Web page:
Star-studded; No interest
Brenda Wolery's classmates at Turner High School, located in rural northern Montana, told her she was crazy to invite the Governor to address the school's 11 graduates at their May commencement.
But Ms. Wolery had the last laugh when Gov. Marc Racicot not only agreed to attend but brought the Governor of neighboring North Dakota along. As it turns out, Nancy Jones Schafer, the wife of Gov. Edward T. Schafer, was Turner High's salutatorian in 1968.
"We were all surprised he would come to such a small town of 160 people," said Ms. Wolery, the 1995 valedictorian.
Mr. Racicot extolled the virtues of hard work and a positive attitude in his speech before a standing-room-only crowd of about 300 people in the Turner Tornado gymnasium.
Ms. Wolery, who plans to attend radiology school this summer, said she was "honored" but not nervous to speak after Governor Racicot. Neither of the Schafers spoke at the ceremony, although they sat in the second row and visited with friends and relatives.
Earl McKinley, Turner High's principal and superintendent, said Ms. Schafer called him earlier this spring to ask if she and her family could attend the graduation. Her parents own a cattle ranch near Turner, a community about 12 miles south of the Canadian border.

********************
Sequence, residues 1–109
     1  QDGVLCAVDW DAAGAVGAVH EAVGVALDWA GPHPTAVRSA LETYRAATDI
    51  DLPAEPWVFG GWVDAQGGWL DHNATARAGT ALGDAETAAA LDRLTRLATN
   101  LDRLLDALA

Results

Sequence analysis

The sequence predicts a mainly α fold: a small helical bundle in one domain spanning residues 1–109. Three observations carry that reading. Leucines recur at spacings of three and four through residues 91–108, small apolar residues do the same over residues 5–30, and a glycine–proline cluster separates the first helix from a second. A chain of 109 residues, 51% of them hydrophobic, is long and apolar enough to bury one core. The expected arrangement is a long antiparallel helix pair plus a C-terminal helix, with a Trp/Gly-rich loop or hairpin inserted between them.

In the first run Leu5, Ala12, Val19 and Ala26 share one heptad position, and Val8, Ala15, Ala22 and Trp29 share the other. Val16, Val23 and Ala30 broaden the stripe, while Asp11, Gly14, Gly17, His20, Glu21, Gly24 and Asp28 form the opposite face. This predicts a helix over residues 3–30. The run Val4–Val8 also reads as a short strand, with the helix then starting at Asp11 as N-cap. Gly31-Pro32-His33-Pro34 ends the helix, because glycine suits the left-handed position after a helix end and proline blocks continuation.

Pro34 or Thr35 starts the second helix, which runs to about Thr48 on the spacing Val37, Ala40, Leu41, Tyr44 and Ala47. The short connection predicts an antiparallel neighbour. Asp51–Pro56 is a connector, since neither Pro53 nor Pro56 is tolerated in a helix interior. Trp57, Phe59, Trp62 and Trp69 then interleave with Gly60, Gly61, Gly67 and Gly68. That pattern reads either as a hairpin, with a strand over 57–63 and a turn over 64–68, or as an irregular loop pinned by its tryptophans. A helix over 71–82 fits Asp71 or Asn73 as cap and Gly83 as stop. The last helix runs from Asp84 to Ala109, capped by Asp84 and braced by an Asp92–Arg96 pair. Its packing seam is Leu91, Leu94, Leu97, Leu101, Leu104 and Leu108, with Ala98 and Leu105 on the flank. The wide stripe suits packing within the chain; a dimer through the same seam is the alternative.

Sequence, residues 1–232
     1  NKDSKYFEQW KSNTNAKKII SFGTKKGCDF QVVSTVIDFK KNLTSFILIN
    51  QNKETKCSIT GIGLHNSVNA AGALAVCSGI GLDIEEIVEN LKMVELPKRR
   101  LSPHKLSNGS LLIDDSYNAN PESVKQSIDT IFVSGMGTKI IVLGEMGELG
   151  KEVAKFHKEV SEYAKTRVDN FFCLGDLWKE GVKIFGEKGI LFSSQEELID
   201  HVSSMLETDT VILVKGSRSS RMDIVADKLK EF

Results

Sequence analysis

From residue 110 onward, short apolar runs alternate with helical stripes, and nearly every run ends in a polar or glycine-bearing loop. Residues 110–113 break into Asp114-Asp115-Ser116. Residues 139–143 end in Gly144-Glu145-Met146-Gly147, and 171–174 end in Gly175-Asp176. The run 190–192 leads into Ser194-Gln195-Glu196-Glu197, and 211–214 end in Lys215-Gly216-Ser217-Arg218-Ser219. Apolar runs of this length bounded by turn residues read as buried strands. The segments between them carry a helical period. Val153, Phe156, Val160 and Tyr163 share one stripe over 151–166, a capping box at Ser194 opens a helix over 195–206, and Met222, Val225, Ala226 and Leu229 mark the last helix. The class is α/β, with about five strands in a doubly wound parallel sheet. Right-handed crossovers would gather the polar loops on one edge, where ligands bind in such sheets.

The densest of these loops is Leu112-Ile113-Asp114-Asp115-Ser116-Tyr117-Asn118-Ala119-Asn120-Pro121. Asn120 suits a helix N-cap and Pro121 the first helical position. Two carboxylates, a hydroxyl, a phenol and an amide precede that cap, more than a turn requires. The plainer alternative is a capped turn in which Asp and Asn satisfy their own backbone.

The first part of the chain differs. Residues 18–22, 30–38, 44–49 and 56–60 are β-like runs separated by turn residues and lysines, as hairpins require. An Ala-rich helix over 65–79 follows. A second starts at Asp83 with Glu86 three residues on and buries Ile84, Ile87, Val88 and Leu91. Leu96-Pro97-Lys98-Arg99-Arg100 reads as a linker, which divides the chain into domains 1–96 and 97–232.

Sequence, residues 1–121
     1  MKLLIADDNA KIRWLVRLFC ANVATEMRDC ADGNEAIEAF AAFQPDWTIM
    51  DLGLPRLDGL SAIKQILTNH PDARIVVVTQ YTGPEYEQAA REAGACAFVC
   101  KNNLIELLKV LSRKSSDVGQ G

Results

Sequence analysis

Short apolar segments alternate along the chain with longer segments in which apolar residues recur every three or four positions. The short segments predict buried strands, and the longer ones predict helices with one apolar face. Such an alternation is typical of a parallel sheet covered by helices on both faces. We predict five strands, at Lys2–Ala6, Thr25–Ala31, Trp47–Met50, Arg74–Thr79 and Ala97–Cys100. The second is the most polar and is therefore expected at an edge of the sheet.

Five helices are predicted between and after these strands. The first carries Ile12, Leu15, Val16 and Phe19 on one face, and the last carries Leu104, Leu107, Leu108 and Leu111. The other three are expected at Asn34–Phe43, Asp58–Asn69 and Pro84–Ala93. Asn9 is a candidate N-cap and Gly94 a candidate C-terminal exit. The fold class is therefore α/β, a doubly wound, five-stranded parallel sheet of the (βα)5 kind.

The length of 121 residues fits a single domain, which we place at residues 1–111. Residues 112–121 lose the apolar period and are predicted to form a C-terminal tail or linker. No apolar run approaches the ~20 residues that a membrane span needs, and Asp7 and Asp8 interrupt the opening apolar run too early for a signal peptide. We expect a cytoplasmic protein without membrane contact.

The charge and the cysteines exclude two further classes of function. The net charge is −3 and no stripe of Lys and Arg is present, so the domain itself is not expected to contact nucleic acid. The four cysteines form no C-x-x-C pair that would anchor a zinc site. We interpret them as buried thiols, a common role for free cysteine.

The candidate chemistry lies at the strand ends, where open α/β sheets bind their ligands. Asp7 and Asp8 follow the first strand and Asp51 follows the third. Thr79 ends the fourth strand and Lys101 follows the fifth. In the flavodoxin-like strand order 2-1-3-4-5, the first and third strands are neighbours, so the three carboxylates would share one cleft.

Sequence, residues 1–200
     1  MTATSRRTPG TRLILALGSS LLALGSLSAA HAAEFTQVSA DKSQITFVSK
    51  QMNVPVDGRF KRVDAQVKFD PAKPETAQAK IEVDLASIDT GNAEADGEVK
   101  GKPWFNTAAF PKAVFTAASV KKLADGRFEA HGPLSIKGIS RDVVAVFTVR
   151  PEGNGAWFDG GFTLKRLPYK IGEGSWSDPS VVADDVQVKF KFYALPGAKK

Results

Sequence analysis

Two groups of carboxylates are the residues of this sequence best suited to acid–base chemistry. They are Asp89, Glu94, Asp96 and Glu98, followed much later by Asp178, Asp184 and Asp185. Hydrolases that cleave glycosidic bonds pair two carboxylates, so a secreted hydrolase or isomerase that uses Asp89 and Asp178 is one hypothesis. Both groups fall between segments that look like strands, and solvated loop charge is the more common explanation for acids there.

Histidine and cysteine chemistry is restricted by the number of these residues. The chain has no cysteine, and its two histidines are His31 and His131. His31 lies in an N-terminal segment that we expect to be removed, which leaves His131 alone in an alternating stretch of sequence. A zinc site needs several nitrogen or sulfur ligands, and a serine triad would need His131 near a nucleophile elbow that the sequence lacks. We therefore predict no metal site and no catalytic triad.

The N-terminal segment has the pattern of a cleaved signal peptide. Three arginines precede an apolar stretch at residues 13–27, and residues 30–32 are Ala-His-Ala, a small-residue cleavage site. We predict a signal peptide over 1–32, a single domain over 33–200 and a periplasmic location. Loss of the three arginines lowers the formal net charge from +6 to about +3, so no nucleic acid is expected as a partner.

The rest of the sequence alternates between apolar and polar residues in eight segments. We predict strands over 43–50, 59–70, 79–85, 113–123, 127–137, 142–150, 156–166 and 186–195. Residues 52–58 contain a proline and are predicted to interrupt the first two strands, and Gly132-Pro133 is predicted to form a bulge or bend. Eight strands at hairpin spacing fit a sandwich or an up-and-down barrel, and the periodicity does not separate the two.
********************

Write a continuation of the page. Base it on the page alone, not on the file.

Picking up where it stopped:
"They held their hands all the way through the ceremony," said Mr. McKinley of North Dakota's first family. "They seemed to be having a good time."
He boasted that 4 percent of the nation's governors were in attendance.
Asked how he would top that, Mr. McKinley quipped: "I guess we could go for three governors."
State lawmakers who have embraced the idea that local communities want to run their own schools should consider the 600-student Plummer-Worley district in rural northern Idaho.
A school board member there resigned before last month's election, but no candidates from her area put their names on the ballot. No one even voted.
It appears that folks in that part of the district would rather sit on their porches and look out at Lake Coeur d'Alene than pore over budgets.
"There is just not a lot of interest in schools there," said Bob Singleton, the district's superintendent. "It's basically a retirement community."
The board's remaining six members are advertising for a new colleague and hope to fill the empty seat soon.
--Robert C. Johnston & Drew Lindsay
Vol. 14, Issue 37